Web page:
Effect: A card is chosen and placed back in the deck. The performer then finds a marker card, which coupled with a number chosen by the spectator, locates the selected card.
1. Shuffle the deck thoroughly, as you complete an overhand shuffle, note the card on the bottom and finish with a riffle shuffle, keeping the bottom card the same.
2. Have the spectator choose a card and show it to someone else.
3. Place the pack of cards on the table and press your hand down on top of the cards. Next rotate your hand (still pressing down) clockwise, fanning out the cards in a circle. As you start to do this, tell the spectator to say when to stop and when they indicate, use the tips of your fingers to pull away the cards not part of the existing fan.
4. Arrange the cards on the table so they make an almost full circle, leaving one space between the bottom and top cards with the bottom right corner of the top card tucked under the bottom card. See the picture for how this should look now.
5. Tell the spectator, "Slip your card in here," (point to the space so there is no confusion) "To complete the circle." The spectator's card is now directly below the key card you noted on the bottom of the deck.
6.Next, starting at the bottom of the circle, opposite from the replaced card, collapse the circle into a stack and add it to the rest of the deck. It isn't necessary, but I like to give the remaining deck a cut and put the cards from the fan in the middle to create the illusion of losing the chosen card in the middle of the deck.
See the video for what steps four, five and six look like.
7. Invite the spectator(s) to give the deck as many cuts as they like (make sure they don't shuffle it though!). Once they are satisfied, pick up the deck and casually look at the bottom card (without appearing to do so). If the bottom card happens to be your key card, give the deck one last cut. Just to be clear, if the bottom card is your key card, the spectators card is on the top of the deck.
8. Say to the spectator, "If I were to find your card right now, would that be a good trick?" Give the spectator a moment to respond and then say, "Well I'm not going to do that trick, I'm going to do something a little different. First I must find an appropriate marker card."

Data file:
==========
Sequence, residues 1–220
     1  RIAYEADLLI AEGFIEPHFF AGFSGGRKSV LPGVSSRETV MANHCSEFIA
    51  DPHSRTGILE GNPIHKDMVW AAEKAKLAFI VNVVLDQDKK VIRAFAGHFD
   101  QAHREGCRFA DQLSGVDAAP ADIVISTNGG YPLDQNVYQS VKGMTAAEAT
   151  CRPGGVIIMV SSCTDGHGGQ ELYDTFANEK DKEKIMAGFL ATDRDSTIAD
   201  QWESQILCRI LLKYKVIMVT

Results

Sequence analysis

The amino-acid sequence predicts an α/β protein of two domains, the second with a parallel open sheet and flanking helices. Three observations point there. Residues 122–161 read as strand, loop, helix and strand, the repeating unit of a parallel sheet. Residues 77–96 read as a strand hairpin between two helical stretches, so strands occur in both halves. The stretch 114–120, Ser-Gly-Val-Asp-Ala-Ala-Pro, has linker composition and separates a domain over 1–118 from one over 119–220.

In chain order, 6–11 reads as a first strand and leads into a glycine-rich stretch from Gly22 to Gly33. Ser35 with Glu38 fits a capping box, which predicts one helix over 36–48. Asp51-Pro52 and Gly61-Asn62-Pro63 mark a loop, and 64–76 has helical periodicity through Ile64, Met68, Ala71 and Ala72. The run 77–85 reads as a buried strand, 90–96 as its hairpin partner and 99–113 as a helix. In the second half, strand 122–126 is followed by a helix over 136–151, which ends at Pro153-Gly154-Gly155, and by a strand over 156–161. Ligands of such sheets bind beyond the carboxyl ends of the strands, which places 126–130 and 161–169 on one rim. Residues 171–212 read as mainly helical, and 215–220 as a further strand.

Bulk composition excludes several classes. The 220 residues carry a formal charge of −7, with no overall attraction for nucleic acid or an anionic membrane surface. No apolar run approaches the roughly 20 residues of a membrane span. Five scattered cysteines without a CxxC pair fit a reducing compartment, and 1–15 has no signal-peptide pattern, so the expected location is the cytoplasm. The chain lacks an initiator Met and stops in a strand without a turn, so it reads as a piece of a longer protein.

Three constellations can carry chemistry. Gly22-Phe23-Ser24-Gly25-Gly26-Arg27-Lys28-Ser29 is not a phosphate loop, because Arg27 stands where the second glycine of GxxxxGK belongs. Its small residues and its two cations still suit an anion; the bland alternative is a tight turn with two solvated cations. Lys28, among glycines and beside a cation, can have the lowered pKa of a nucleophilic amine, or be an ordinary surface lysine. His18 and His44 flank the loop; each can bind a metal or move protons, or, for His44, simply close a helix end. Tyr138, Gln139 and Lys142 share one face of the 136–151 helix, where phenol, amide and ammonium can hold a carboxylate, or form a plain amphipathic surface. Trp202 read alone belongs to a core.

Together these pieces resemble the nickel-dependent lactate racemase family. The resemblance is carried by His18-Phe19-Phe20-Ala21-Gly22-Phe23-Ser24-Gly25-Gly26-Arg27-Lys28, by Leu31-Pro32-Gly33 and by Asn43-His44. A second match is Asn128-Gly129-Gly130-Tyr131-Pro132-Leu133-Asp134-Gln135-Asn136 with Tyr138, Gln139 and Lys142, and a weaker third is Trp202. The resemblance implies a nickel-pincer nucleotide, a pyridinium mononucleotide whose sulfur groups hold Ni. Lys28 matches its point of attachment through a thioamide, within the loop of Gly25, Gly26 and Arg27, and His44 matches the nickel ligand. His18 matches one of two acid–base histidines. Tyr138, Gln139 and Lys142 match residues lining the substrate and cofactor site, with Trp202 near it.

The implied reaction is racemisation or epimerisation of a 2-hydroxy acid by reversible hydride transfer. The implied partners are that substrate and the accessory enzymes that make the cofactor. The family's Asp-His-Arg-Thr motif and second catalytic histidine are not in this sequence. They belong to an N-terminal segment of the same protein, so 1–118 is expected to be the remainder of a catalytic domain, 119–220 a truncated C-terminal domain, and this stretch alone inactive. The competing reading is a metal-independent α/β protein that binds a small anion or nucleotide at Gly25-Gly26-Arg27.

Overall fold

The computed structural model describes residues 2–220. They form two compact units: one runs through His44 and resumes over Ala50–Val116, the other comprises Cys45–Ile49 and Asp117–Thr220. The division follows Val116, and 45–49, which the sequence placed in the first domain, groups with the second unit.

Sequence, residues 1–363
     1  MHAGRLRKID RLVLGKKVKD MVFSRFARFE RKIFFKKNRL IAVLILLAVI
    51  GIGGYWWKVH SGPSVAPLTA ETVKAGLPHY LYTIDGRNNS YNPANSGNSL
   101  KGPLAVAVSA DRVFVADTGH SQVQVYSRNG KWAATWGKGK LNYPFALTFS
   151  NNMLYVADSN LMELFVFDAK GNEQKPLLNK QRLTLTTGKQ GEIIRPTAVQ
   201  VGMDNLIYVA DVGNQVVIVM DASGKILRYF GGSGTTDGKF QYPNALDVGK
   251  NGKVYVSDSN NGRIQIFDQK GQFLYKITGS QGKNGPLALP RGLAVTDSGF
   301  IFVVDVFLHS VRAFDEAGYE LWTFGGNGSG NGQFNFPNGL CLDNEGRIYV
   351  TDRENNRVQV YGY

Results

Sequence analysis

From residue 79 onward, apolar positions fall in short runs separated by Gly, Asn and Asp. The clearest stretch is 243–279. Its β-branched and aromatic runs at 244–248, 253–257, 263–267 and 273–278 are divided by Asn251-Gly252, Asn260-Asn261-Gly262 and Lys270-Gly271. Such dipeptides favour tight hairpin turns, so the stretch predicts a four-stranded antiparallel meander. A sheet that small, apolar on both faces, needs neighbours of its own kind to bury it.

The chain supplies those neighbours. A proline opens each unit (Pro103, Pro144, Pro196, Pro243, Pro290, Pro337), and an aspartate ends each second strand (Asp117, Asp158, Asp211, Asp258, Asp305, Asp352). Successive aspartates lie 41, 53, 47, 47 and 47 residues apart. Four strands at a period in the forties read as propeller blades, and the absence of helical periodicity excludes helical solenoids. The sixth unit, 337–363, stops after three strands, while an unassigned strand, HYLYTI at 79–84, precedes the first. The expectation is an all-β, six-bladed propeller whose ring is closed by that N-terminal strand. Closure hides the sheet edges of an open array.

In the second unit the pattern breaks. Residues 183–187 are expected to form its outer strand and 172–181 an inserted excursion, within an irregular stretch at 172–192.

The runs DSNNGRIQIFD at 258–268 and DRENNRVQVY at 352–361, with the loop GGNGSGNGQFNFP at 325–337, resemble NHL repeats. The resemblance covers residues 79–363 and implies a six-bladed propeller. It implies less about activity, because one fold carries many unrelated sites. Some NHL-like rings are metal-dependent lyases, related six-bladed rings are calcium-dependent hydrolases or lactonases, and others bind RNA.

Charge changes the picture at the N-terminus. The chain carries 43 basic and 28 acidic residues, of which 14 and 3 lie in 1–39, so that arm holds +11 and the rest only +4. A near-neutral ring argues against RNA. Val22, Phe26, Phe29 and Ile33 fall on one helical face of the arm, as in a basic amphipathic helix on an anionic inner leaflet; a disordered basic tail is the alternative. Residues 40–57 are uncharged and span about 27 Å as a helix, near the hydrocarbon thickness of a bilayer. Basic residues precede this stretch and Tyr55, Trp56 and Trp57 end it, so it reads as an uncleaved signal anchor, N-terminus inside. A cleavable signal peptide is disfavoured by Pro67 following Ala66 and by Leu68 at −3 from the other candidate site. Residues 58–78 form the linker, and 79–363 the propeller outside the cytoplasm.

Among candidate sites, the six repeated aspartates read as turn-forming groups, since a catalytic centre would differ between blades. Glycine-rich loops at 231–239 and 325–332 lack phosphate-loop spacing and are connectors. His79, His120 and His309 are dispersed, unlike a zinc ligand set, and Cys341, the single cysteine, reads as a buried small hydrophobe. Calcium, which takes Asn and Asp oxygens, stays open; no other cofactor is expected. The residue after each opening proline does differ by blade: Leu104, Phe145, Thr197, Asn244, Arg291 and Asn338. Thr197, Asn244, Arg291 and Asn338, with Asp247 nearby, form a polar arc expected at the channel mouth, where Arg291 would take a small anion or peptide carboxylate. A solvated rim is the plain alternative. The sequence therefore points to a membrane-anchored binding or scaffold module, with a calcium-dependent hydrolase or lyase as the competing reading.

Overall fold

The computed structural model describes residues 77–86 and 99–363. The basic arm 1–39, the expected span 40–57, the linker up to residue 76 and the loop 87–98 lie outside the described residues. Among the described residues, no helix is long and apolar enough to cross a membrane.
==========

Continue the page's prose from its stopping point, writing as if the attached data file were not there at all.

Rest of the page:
9. Starting at the bottom, fan slowly through the deck, faces towards you, pausing from time to time to "consider" different cards. Perhaps rub certain cards with your fingers while looking thoughtful before shaking your head and moving on. This is just for dramatic effect of course. When you come to your marker card, note the card beneath it, counting it as one. Count your marker as two, the next card as three and so on until you come to a face card or an ace. You can really count as far as you like depending on how many cards you want to deal out before coming to the spectators card, just keep counting each card as one until you come to a suitibly appropriate looking marker. IMPORTANT! DO NOT include the marker card in your count. Stop your count with one card below the marker, and flip the marker face up saying, "I guess this will do."
10.Turn the deck face down and give it a cut (obviously without cutting between your marker and the spectators card). Then deal out the cards, face down, stopping when you deal out the marker card.
11.Say the spectator, "Okay, there's our marker. Now, pick a number between ten and twenty... Now add the two digits together...Now subtract your current number from the first number you thought of...Now subract/add ---" You see, the trick here is that no matter what the spectator chooses, the result after adding the digits and subtracting the total from the original is always nine. Since you know this, from here you can direct the spectator to any number you please. So if the cards you counted to your marker card were five, the final instruction would tell your spectators to subtract four which would of course give them five. Once the spectator has nine in their heads, you have the control and can direct them to whatever number you need.
12.Get the spectator to tell you their current number, then deal out that many cards (in this case five) and flip over the last one, which will of course be the spectator's card!
ALTERNATE NUMBER SELECTION
Have your spectator choose a number between one and ten and multiply it by nine. Then add the two digits together. The answer is always nine.
Have the spectator choose a number between twenty and thirty, add the two digits and subtract from the original number. The answer will always be eighteen. In fact for each set of ten you go up and use this technique, the control number will go up nine. For ten-twenty, it's nine, for twenty-thirty, it's eighteen, for thirty-forty, it's twenty-seven, and so on.
Occasionly you may get a spectator who does the math wrong or something and comes up with the wrong number. In this case, don't correct them. Instead, just say, "Now, if you have done the math right, when we deal out the cards, the last one will be yours." This adds to the illusion of not knowing the spectators card or controlling the numbers. The card that you come to will of course be wrong, but then the spectator just believes that they didn't calculate right (which is of course the case) and you can just say, "Oh, well," then pick up the deck and pull out the spectators card saying, "Is this one yours?" To avoid this, explain slowly and clearly in step 11. If you like, you can also have the spectator tell someone else their number so you have two people following the math.
You may happen upon someone who says when you pull out their card, "But what if the number is always ---?" But you can quite truthfully tell them that this is not the case, for the controlling number is not the final result but of course the nine. This trick is best not to be performed twice for the same group of spectators because you don't want to call attention to the number that is always the same.